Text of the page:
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The Origins of the Inquisition in Fifteenth Century Spain Hardcover – August 1, 1995
"Neverworld Wake" by Marisha Pessl
Read the absorbing new psychological suspense thriller from acclaimed New York Times bestselling author Marisha Pessl. Learn more
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From Library Journal
Modest in title but monumental in scope, this book is easily the finest study of the Inquisition to appear in this, or arguably any, century. Netanyahu (A Place Among the Nations: Israel and the World, Norton, 1993) traces the origins of anti-Semitism not to Christianity or Europe or the 15th century, but to 525 B.C.E., when Jewish support for the Persians against Egypt led to Egyptian hostility to Jews and "the first written anti-semitic piece." The importance of Netanyahu's work rests on its powerful revisionist interpretation. He argues with enormous evidence that Spanish Jews, though forced to convert, had become "devoutly Christian" and thoroughly assimilated into Spanish society. What was new in the 15th century was the Spanish monarchy's practice of defining Jews not religiously but racially, which served as a prototype of 20th-century persecutions. Netanyahu's magisterial achievement is prodigiously researched and lucidly written; it should be in every research, academic, and public library.
Bennett D. Hill, Georgetown Univ., Washington, D.C.
Copyright 1995 Reed Business Information, Inc.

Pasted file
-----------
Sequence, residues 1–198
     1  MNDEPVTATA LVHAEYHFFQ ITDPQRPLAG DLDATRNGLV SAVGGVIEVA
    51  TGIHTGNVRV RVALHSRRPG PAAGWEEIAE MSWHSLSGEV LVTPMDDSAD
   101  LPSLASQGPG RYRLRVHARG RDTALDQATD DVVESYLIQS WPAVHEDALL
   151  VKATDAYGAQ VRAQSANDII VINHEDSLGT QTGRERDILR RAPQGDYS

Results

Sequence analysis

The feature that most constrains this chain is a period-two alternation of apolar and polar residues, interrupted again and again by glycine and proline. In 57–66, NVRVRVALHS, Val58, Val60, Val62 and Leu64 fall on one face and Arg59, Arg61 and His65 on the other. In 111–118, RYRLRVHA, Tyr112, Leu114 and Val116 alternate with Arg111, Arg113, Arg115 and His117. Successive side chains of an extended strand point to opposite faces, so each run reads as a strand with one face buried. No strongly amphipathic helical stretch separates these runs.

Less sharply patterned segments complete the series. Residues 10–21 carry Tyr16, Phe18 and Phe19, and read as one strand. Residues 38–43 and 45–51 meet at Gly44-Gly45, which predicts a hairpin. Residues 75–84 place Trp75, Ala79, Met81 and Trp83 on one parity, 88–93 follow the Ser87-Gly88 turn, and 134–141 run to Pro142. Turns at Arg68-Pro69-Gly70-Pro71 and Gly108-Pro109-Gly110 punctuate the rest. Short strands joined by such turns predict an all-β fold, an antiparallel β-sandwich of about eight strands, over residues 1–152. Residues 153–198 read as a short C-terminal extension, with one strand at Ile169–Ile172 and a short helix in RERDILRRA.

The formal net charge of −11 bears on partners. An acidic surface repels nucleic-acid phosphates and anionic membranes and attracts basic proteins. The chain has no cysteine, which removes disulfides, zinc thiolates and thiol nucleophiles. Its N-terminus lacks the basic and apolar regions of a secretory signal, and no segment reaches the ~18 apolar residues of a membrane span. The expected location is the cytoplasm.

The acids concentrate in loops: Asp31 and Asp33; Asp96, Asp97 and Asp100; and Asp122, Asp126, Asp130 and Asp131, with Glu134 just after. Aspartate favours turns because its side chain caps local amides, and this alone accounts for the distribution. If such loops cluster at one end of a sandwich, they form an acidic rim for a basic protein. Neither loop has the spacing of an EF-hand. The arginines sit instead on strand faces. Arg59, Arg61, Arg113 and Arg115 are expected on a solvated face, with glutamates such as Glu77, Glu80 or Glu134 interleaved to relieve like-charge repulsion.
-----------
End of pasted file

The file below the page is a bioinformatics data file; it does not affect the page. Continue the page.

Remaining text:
The Spanish Inquisition was responsible for one of the fiercest repressions in human history. It fused the triple evil of a police state, a totalitarian ideology, and racial persecution. Its terrible reverberations have been felt in our own century, and are likely to be felt in the next. Yet for all its notoriety, its origins have never been fully explored or clearly understood before now. What caused this monstrous attack upon Spain's so-called "conversos" -- the Christian descendants of the Jews who had been forced to convert during the anti-Semitic riots that swept across Spain at the end of the fourteenth century? Were the thousands of conversos who died at the hands of the Inquisition in fact secretly still Jews, only pretending to be good Christians, as the inquisition charged and as most scholars continue to believe? In this magnum opus, B. Netanyahu shows us that this claim is groundless. After a lifetime of research in long-unexamined Spanish sources, he reveals that at the time of the Inquisition, almost all conversos were in fact full-fledged Christians, and that the few Judaizers among them had dwindled into insignificance. The vast machinery of the Inquisition could not have been founded to kill a dying movement. What, then, was its purpose? "The Origins of the Inquisition" answers this question definitively. By examining Spanish anti-Semitism from its origins, Professor Netanyahu demonstrates that the brutal anti-converso movement that led to the Inquisition was the same one responsible for the massacre of Jews in Spain in 1391 and the ensuing mass conversion of Spanish Jews (at sword-point) to Christianity. The rapid rise of the conversos to high royal offices (higher, even, than those attained by their Jewish forefathers) made them the target of the same forces that had persecuted the Jews. It was to remove the conversos from their influential positions, and to prevent their intermarriage with the Spanish people, that they were accused of being secret Judaizers and members of a "corrupt" race that would "pollute" the Spanish blood. This was the first time that extreme anti-Semitism was wedded to a theory of race -- a union that would dramatically affect the course of modern history. Steering the reader through the labyrinthine politics of Church and State in fifteenth-century Spain, Professor Netanyahu develops his startling thesis within the context of a careful consideration of Spanish culture and society. The conversos, like their Jewish ancestors, were intimately linked with the Spanish monarchy, and, unlike the Jews, also with the Papacy, but by the end of the fifteenth century, both Church and State left their erstwhile allies to the mercy of the Inquisition. As Professor Netanyahu brilliantly shows, the Spanish sovereigns let the coversos be attacked in order to distract the outraged city masses and their leaders from turning against the royal establishment itself. "The Origins of the Inquisition" is a seminal work that will alter our understanding of the Spanish Inquisition and its place in the history of anti-Semitism, of Spain, and of Europe. Its is required reading for anyone who wishes to understand one of history's darkest movements, the terrible shadow of which persists to this very day. Professor B. Netanyahu has been editor in chief of the "Encyclopedia Hebraica", general editor of the "World History of the Jewish People", and co-editor of the "Jewish Quarterly Review". His a fellow of the American Academy for Jewish Research, a member of the Real Academia de Bellas Artes y Ciencias Historicas in Spain, and professor emeritus at Cornell University. -- Midwest Book Review